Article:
Qwest expects the agreement, which is backed by revenue and volume commitments from both companies, to generate $260 million of incremental services revenue between itself and Loudcloud over the next five years. In addition, Qwest will transition the management of its business Internet site, Qwest.com, to Loudcloud.
Web hosting has yet to prove to be a profitable market. Loudcloud and a number of other Web-hosting companies have reported mounting losses this year. Loudcloud, which is set to announce its second-quarter earnings Wednesday, reported a $60.3 million net loss on revenue of $11.7 million in the first quarter, ended April 30.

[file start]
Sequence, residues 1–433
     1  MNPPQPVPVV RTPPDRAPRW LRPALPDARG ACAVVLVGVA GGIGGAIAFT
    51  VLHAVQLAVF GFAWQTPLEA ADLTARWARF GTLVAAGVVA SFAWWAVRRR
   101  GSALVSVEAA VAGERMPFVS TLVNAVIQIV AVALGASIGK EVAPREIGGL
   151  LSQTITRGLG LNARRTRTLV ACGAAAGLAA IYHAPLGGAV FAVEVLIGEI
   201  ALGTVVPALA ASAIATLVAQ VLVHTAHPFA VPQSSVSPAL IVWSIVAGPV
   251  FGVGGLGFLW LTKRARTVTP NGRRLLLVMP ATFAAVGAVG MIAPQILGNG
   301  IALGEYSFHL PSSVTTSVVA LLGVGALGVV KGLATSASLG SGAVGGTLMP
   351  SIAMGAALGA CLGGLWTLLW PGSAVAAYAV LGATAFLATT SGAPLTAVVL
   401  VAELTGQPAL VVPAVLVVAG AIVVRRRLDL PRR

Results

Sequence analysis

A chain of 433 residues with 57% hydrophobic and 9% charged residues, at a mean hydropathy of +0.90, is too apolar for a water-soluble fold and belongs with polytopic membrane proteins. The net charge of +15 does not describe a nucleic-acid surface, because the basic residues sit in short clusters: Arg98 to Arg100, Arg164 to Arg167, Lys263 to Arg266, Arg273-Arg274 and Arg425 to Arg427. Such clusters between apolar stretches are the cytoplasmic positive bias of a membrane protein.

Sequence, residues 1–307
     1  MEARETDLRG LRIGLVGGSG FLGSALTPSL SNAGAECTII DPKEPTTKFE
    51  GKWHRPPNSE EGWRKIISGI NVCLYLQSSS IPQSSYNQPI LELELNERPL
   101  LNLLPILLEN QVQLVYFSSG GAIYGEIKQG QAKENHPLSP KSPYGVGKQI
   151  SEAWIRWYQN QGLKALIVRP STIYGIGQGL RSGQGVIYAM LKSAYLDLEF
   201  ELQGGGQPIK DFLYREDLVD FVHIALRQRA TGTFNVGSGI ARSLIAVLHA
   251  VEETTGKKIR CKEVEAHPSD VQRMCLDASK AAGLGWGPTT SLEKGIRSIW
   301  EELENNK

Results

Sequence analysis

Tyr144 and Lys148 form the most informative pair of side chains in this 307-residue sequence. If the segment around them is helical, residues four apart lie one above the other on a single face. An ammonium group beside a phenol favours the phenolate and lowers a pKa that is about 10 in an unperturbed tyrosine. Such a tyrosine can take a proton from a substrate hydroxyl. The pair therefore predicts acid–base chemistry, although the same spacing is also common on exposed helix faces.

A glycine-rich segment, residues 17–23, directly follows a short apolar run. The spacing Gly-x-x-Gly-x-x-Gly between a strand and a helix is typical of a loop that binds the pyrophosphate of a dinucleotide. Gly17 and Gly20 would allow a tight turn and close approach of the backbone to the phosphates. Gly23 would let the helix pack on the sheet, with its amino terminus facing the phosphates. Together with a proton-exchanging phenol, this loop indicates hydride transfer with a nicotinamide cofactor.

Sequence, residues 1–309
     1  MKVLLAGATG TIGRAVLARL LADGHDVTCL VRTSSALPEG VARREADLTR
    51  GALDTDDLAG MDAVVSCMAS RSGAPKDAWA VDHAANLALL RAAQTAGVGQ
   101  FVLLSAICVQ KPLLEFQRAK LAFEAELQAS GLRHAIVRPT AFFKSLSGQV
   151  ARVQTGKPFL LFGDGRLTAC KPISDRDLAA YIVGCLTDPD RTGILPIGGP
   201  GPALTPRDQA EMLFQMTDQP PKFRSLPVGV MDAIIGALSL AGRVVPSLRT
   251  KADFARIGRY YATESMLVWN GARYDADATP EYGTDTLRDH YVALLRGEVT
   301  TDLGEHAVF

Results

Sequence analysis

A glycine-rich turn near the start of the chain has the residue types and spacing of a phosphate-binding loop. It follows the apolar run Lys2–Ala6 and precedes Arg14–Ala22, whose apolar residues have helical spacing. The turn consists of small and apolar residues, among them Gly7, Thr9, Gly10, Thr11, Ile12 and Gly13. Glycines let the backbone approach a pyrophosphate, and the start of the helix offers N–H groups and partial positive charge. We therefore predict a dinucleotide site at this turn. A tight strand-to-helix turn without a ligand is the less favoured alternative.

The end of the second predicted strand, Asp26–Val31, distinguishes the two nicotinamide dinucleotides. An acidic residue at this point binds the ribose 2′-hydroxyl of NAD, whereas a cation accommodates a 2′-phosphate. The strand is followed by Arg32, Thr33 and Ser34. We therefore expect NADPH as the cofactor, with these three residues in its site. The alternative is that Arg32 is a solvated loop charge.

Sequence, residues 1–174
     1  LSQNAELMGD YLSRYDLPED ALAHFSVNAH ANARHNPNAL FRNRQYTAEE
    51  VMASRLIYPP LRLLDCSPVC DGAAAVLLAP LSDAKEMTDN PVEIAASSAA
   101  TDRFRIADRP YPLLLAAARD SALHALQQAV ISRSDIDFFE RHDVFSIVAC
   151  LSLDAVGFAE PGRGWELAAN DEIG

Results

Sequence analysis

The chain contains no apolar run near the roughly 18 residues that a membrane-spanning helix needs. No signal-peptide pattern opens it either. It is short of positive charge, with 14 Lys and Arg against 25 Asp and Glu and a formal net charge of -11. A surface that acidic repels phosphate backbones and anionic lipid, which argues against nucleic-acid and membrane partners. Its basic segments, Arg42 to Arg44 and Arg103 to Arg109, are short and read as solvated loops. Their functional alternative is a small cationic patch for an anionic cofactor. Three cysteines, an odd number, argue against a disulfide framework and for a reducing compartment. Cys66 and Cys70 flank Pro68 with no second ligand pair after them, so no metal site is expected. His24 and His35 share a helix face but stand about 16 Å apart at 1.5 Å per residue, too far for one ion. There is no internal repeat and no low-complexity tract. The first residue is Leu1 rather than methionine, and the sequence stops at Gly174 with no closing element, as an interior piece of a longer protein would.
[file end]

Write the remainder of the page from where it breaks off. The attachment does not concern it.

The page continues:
A partnership with Qwest for data-center space could be Loudcloud's effort to avoid following in the footsteps of rival Exodus Communications, which observers believe may not survive much longer as an independent company. Exodus reported $583.4 million in losses in the second quarter, ended June 30, and has amassed $3.5 billion in debt in an effort to build a massive data-center infrastructure. Among the benefits of the Qwest arrangement, cited by Loudcloud's CEO and co-founder Ben Horowitz, is "to reduce the company's cost base."